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ERIC Number: ED446312
Record Type: RIE
Publication Date: 2000-Aug-4
Pages: 18
Abstractor: N/A
School Climate, Population Characteristics, and Program Quality.
Gottfredson, Denise G.
This paper considers what happens when research-based strategies are attempted outside the context of the original research and questions whether positive findings from research studies can be generalized to real-world settings. Prevention programs within a school system were identified and an activities questionnaire was developed to measure each of the hypothesized factors leading to high implementation. Over 17,000 prevention activities were sampled. Data on the quality of implementation came from 3,700 reports on 14 different types of program activities that were obtained from 550 schools. The results suggest that attention needs to be given to help raise the quality of implementation of prevention programs. In conclusion, there is plenty of room for improvement in the quality of implementation. The effectiveness of prevention activities can most likely be boosted if ways can be found to improve the quality of what schools are already doing. Improving training, supervision, structure, and availability of information can broadly improve the quality of school-based prevention of problem behaviors. The results also suggest that prevention interventions are most likely to be well implemented if they are integrated with the regular school program and initiated by school insiders. (Contains 9 references and 10 figures.) (JDM)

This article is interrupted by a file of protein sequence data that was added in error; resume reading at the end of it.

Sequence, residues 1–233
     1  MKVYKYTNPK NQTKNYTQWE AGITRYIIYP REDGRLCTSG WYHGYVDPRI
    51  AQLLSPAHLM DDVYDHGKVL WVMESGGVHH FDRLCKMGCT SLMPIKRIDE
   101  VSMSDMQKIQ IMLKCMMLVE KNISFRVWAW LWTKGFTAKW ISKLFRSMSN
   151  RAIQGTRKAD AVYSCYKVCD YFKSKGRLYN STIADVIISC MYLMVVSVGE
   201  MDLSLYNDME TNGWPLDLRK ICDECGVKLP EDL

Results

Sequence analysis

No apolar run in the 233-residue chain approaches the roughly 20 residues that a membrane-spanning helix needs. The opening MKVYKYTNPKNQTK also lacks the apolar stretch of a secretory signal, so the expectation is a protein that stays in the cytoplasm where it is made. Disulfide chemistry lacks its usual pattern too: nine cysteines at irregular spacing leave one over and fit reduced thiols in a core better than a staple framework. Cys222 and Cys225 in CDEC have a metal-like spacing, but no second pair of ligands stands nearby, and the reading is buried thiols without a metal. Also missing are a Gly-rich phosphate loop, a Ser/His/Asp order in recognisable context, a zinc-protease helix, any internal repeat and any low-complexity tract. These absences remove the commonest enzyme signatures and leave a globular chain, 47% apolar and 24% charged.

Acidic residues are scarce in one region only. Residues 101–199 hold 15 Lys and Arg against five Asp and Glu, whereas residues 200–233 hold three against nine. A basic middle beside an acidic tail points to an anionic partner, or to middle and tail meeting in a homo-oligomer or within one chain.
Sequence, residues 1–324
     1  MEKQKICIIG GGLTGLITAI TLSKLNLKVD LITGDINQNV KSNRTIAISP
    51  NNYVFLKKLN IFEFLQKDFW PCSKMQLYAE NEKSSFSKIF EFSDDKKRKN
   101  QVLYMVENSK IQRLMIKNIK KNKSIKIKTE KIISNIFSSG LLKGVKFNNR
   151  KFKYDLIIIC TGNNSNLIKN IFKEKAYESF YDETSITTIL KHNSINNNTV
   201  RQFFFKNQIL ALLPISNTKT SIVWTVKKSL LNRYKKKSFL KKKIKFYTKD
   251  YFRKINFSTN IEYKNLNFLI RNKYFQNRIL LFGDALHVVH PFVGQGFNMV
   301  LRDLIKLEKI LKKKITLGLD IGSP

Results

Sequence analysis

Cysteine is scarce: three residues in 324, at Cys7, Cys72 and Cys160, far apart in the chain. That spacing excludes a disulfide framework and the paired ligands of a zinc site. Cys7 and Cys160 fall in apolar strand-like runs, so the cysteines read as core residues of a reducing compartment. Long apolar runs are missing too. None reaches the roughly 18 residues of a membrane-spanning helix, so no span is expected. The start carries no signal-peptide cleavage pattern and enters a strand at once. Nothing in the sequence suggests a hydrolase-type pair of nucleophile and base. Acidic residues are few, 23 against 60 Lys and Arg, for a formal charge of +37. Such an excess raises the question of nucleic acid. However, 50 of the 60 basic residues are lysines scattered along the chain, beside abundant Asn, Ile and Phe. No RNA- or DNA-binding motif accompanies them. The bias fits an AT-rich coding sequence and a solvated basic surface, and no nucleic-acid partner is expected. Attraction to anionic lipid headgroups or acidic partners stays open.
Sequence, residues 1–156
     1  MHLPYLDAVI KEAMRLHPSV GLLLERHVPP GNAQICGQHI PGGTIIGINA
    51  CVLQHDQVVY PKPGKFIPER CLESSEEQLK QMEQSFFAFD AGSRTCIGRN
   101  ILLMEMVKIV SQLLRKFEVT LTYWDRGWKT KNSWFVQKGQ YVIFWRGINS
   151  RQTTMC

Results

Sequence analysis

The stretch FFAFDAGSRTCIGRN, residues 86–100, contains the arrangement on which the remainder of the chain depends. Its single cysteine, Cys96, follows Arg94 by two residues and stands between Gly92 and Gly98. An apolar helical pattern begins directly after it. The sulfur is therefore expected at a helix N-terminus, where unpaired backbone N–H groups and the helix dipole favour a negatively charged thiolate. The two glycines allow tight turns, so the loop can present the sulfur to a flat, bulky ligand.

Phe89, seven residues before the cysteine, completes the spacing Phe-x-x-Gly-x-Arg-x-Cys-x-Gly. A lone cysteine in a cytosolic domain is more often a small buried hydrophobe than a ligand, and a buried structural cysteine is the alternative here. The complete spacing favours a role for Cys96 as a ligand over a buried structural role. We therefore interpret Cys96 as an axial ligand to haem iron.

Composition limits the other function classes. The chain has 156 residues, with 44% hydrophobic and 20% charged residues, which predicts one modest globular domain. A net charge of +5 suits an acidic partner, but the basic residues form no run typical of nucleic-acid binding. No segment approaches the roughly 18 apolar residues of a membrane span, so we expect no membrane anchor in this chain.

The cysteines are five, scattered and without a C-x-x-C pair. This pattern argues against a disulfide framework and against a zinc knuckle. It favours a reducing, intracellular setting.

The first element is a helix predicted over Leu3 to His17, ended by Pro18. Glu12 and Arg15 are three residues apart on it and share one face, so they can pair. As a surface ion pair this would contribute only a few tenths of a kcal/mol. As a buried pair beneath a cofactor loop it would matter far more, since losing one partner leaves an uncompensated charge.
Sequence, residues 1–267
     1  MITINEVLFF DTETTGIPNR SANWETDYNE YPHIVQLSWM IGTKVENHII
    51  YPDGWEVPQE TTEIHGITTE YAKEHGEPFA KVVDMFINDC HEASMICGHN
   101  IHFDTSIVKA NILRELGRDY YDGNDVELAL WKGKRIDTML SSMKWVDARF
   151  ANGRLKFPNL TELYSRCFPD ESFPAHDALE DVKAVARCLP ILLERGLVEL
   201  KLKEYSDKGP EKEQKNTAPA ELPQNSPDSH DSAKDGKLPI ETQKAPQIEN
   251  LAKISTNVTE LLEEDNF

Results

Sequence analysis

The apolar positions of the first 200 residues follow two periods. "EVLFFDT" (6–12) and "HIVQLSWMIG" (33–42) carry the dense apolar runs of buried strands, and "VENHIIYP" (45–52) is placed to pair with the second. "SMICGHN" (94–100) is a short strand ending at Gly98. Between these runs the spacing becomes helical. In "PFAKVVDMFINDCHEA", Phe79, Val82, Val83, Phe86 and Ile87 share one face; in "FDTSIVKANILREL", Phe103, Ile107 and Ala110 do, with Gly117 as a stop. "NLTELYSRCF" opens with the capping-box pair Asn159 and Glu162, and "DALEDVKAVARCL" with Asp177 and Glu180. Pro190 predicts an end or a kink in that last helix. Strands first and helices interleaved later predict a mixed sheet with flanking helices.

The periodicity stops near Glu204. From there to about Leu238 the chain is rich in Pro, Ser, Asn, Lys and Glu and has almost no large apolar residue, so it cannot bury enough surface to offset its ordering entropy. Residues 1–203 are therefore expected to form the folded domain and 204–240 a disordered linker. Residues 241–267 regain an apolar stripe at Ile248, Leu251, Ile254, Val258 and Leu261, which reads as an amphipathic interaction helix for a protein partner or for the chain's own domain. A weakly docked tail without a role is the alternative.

Publication Type: Reports - Research; Speeches/Meeting Papers
Education Level: N/A
Audience: N/A
Language: English
Sponsor: Department of Justice, Washington, DC. National Inst. of Justice.; Department of Justice, Washington, DC. Office of Juvenile Justice and Delinquency Prevention.
Authoring Institution: N/A
Note: Paper presented at the Annual Meeting of the American Psychological Association (Washington, DC, August 4-8, 2000). This paper is abstracted from a longer report of the National Study of Delinquency Prevention in Schools (G. Gottfredson, D. Gottfredson, Czeh, Cantor, Crosse, and Hartman, 2000).